Authorization validates if you are the right person to have access to the resources. For example, whether or not a user, such as "ahmed", is authorized to perform a read or write operation on a file such as /home/admin/resources on the Linux server "pumbaa".
Authorization can be set up on the resource managed by an operating system using operating system groups, or on a resource in a web application deployed on a J2EE server (for example, WebSphere® Application Server) using an LDAP user group (for example, a group in an IBM Bluegroups application).
It is assumed that you are familiar with basic understanding of RESTful web services and intermediate level experience with development environment such as Rational Application Developer/Rational Software Architect for creating and developing an Enterprise Application Archive (EAR) application and have an EAR file available to deploy and test.
In the following instructions and setup, the name of the EAR file referenced is "IWMAsAServiceEAR" and the web module name is "IWMAsAServiceAppWeb". The role that is configured is named as "IWMaaSRole" and the bluegroup name used is "IWM Services users". The authentication is configured using "bluepages.ibm.com" as the name of the Enterprise Directory Server.
Basic authentication and authorization are used in the security setup instructions in this article.
Screen captures are taken using the IDE Rational Software Architect and admin console of the unit test environment. Therefore, the screen captures and instructions may not perfectly match with the standalone server configuration pages or pages on the clustered servers' admin console. Refer to the WebSphere Application Server Information Center and consult with your WebSphere Application Server admin for any help needed for such environments.
Enable global and application security as shown in Figure 11 (Java 2 security is not enabled below, but it can be enabled if needed – leave it unchecked for now). After selecting Federated Repository, click the Set as current button.
Figure 11. Enable global and application security
Click the Configure button and enter the primary administrative user name (for example, admin) as shown in Figure 12.
Figure 12. Enter primary administrative user name
Click the Manage repositories link to create a repository resource entry as shown in Figure 13.
Figure 13. Open the "Manage repositories" to create a repository resource
Click the Add button as shown in Figure 14.
Figure 14. Add repository
Fill in the repository identifier, primary host name, and so on in the screen that shows up and click the OK button (at the bottom of the screen), as shown in Figure 15.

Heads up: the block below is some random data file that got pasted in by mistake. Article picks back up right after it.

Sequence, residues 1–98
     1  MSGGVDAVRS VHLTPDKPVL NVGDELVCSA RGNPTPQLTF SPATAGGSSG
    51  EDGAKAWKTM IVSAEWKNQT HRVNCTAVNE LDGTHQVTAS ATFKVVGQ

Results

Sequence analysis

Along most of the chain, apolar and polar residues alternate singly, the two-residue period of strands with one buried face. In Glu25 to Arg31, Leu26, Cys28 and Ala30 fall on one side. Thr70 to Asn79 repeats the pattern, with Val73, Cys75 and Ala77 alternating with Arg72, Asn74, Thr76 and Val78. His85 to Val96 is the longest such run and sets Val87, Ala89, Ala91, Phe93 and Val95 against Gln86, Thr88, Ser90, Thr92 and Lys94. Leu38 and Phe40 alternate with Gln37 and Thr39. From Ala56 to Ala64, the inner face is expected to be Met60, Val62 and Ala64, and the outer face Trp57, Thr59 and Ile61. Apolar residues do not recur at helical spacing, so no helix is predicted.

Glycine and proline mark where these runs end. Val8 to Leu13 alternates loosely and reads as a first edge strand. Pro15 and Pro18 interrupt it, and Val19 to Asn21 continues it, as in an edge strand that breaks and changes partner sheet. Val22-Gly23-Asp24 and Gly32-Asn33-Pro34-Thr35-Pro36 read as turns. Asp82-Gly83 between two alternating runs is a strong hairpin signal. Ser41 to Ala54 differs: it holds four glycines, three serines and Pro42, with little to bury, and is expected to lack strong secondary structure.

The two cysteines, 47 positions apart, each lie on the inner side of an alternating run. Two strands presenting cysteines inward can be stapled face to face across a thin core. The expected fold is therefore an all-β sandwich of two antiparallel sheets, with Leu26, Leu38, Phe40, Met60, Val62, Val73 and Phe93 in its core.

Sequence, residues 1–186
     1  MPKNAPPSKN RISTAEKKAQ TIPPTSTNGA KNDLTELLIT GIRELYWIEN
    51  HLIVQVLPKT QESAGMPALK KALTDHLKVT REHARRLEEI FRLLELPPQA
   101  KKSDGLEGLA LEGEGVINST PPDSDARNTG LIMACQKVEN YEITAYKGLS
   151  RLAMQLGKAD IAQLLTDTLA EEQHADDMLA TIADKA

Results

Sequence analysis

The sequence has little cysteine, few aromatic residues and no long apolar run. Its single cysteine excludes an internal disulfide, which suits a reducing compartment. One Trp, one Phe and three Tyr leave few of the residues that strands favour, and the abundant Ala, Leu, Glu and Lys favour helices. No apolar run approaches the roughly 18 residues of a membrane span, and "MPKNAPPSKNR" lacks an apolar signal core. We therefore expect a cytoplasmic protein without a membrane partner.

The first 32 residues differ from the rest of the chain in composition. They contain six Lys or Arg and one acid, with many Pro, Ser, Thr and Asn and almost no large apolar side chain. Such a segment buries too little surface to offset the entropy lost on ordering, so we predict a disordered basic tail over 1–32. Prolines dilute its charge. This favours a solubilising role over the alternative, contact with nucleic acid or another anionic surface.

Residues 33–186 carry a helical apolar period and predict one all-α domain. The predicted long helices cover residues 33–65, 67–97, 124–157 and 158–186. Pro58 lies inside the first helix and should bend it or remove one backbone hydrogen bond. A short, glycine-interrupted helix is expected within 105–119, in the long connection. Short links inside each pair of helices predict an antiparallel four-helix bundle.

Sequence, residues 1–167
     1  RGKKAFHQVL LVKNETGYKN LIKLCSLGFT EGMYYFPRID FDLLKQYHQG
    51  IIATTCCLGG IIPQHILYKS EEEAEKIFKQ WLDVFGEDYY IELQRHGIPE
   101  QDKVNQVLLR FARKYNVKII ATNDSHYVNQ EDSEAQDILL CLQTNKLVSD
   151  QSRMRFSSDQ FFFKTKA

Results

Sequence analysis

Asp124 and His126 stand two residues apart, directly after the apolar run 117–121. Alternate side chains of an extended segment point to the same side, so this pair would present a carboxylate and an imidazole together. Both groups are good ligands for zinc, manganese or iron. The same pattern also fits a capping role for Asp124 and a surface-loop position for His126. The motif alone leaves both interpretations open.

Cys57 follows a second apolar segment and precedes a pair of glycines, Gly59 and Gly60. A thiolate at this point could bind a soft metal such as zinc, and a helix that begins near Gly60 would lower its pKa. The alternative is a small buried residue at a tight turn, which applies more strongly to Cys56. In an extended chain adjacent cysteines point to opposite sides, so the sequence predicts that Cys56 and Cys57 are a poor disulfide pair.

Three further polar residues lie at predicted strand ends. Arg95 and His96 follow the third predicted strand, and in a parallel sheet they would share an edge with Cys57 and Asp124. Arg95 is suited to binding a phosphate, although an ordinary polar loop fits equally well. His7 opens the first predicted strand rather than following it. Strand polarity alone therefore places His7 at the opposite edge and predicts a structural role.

Figure 15. Configure repository
Click the Repository ID link for the repository created above as shown in Figure 16.
Figure 16. Open the Repository definition for additional configuration
At the bottom of the screen, click the LDAP entity types link under additional properties as shown in Figure 17.
Figure 17. Open the "LDAP entity types" property
For each of the entity types, click the links and configure the object classes as shown in Figure 18. Each time, click the Apply and Ok button and save to the master configuration when it prompts you.
Figure 18. Configure object classes for the LDAP entity types
Using the Group attribute definition link, navigate to the path shown in Figure 19 and specify object classes for member and uniqueMember.
Figure 19. Configure object classes for the member attributes of the "Group attribute definition"
Using the left navigation (Applications > Application Types > WebSphere enterprise application), go to the list of applications and click the IWMAsAServiceEAR application as shown in Figure 20.
Figure 20. Open the EAR Application
Click the Security role to user/group mapping link as shown in Figure 21.
Figure 21. Open the "Security role to user/group mapping"
Configure the mapping of special subjects and groups (if not already updated by application install) as shown in Figure 22. You need to select the check box first and click the drop down Map Special Subjects, select All authenticated in application's realm, and then once again select the check box and click the Map Groups button.
Figure 22. Configure mapping of special subjects and groups
This concludes the step-by-step instructions on how to configure application security for RESTful web services.
In this article, you learned about various aspects of security essentials and the importance of securing a RESTful web service. You also learned how to configure and setup security for a RESTful web service using an Enterprise Directory, such as Bluepages and Bluegroups for authentication and authorization.